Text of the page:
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   Chapter 1 No.1

The Trumpeter Swan By Temple Bailey Characters: 6829

Updated: 2017-11-30 00:05

It had rained all night, one of the summer rains that, beginning in a thunder-storm in Washington, had continued in a steaming drizzle until morning.

There were only four passengers in the sleeper, men all of them-two in adjoining sections in the middle of the car, a third in the drawing-room, a fourth an intermittent occupant of a berth at the end. They had gone to bed unaware of the estate or circumstance of their fellow-travellers, and had waked to find the train delayed by washouts, and side-tracked until more could be learned of the condition of the road.

The man in the drawing-room shone, in the few glimpses that the others had of him, with an effulgence which was dazzling. His valet, the intermittent sleeper in the end berth, was a smug little soul, with a small nose which pointed to the stars. When the door of the compartment opened to admit breakfast there was the radiance of a brocade dressing-gown, the shine of a sleek head, the staccato of an imperious voice.

Randy Paine, long and lank, in faded khaki, rose, leaned over the seat of the section in front of him and drawled, "It is not raining rain to me-it's raining roses-down--?"

A pleasant laugh, and a deep voice, "Come around here and talk to me. You're a Virginian, aren't you?"

"By the grace of God and the discrimination of my ancestors," young Randolph, as he dropped into the seat opposite the man with the deep voice, saluted the dead and gone Paines.

"Then you know this part of it?"

"I was born here. In this county. It is bone of my bone and flesh of my flesh," there was a break in the boy's voice which robbed the words of grandiloquence.

"Hum-you love it? Yes? And I am greedy to get away. I want wider spaces--"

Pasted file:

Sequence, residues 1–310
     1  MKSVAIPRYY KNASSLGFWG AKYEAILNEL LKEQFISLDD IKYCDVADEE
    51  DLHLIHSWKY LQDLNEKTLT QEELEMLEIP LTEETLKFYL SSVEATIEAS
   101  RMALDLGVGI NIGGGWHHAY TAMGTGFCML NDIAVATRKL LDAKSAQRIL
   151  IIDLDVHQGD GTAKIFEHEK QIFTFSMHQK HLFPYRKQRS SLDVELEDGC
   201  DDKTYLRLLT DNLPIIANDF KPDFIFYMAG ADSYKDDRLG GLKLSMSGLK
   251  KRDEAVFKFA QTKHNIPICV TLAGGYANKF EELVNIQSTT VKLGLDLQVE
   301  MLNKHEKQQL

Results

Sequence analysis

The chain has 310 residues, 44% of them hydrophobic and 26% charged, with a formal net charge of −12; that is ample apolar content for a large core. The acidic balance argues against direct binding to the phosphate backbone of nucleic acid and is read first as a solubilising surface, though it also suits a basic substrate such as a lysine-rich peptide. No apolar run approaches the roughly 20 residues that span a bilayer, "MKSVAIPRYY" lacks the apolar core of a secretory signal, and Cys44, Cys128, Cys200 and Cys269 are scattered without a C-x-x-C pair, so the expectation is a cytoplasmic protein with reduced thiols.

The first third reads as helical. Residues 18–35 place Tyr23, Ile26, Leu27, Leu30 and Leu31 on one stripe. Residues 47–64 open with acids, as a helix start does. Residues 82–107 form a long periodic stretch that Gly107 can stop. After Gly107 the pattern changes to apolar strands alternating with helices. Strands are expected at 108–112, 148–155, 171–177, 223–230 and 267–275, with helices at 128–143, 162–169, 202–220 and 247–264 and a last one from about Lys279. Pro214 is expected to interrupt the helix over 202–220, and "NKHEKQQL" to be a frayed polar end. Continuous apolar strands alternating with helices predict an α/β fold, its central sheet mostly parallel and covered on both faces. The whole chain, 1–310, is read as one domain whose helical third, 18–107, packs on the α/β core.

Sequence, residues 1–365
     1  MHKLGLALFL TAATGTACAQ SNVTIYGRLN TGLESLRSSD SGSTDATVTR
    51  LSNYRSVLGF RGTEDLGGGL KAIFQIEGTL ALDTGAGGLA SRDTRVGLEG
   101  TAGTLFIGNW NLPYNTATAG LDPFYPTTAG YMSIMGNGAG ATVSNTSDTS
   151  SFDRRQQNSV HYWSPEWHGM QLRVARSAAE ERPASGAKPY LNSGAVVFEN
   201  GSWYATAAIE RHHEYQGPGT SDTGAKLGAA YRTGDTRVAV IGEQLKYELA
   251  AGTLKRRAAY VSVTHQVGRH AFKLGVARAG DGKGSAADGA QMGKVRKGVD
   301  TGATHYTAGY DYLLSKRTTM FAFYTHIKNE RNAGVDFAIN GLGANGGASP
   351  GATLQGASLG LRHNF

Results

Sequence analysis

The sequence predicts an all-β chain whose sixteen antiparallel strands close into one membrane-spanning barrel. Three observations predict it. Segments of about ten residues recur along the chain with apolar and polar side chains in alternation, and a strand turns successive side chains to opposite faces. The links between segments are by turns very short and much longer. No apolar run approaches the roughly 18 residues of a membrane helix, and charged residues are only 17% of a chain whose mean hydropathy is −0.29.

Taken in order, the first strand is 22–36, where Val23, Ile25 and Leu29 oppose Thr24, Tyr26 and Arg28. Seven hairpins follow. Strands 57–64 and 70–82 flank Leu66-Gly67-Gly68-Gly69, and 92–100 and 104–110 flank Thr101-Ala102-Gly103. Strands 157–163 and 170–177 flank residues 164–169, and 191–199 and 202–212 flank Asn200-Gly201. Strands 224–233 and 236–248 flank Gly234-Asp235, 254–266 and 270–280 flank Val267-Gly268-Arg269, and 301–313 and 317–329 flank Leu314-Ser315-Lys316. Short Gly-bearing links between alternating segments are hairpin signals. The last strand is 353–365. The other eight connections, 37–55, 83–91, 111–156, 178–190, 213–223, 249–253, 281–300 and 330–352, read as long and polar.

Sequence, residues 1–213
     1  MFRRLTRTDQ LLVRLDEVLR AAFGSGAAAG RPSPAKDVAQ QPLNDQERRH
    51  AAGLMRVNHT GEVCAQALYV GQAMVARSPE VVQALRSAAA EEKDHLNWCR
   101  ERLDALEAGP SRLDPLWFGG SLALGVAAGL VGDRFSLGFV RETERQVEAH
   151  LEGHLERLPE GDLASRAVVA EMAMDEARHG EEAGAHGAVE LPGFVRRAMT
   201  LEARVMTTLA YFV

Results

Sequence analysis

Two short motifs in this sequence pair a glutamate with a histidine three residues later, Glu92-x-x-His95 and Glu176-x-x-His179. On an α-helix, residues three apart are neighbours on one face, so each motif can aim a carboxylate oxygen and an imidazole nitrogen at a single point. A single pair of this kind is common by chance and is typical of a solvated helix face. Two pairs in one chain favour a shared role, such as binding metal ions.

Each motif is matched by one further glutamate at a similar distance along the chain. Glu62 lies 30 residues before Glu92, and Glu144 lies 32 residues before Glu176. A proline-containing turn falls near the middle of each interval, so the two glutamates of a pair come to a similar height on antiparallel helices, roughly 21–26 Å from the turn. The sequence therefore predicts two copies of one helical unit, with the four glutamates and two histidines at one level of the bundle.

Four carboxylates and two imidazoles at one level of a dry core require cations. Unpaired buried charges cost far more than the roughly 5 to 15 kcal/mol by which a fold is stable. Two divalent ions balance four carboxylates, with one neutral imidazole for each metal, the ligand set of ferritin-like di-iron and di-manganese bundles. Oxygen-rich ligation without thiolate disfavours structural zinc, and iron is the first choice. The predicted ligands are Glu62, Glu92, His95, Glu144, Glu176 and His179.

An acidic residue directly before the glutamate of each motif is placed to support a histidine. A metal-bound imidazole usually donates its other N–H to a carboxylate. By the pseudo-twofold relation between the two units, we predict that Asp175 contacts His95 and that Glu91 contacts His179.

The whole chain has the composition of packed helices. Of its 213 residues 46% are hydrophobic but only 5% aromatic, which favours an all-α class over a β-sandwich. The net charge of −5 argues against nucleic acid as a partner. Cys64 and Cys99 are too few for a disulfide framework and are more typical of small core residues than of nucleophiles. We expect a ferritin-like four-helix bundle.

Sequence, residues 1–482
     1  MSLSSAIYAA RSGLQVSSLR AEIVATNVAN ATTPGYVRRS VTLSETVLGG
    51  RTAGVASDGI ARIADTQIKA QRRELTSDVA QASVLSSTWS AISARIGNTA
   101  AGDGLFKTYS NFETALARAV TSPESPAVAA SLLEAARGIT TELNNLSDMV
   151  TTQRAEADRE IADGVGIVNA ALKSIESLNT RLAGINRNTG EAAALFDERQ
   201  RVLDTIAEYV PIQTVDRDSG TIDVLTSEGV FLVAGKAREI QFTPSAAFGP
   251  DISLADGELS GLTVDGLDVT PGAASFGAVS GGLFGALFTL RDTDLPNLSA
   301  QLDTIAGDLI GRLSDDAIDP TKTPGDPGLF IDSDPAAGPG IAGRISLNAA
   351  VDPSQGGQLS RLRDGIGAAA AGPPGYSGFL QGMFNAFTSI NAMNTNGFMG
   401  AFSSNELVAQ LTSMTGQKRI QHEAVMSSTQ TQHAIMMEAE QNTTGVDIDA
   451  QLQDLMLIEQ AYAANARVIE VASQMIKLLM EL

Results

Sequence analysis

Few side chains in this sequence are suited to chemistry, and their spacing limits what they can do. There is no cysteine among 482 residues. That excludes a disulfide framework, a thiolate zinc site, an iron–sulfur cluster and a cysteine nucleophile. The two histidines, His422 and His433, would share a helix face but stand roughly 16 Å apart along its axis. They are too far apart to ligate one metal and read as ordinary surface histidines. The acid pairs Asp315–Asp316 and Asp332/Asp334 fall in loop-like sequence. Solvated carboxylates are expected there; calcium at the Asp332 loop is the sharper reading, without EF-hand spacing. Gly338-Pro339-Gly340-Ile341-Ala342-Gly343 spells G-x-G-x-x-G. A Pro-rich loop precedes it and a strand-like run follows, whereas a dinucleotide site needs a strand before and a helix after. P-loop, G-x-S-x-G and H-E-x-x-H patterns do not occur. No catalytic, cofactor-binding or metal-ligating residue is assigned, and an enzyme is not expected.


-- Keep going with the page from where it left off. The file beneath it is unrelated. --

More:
"Yes. Haven't seen it for three years. I thought when the war was over I might. But I've got to be near Washington, it seems. The heat drove me out, and somebody told me it would be cool in these hills--"

"It is, at night. By day we're not strenuous."

"I like to be strenuous. I hate inaction."

He moved restlessly. There was a crutch by his side. Young Paine noticed it for the first time. "I hate it."

He had a strong frame, broad shoulders and thin hips. One placed him immediately as a man of great physical force. Yet there was the crutch. Randy had seen other men, broad-shouldered, thin-hipped, who had come to worse than crutches. He did not want to think of them. He had escaped without a scratch. He did not believe that he had lacked courage, and there was a decoration to prove that he had not. But when he thought of those other men, he had no sense of his own valor. He had given so little and they had given so much.

Yet it was not a thing to speak of. He struck, therefore, a note to which he knew the other might respond.

"If you haven't been here before, you'll like the old places."

"I am going to one of them."


"King's Crest."

A moment's silence. Then, "That's my home. I have lived there all my life."

The lame man gave him a sharp glance. "I heard of it in Washington-delightful atmosphere-and all that--"

"You are going as a-paying guest?"


A deep flush stained the younger man's face. Suddenly he broke out. "If you knew how rotten it seems to me to have my mother keeping-boarders--"

"My dear fellow, I hope you don't think it is going to be rotten to have me?"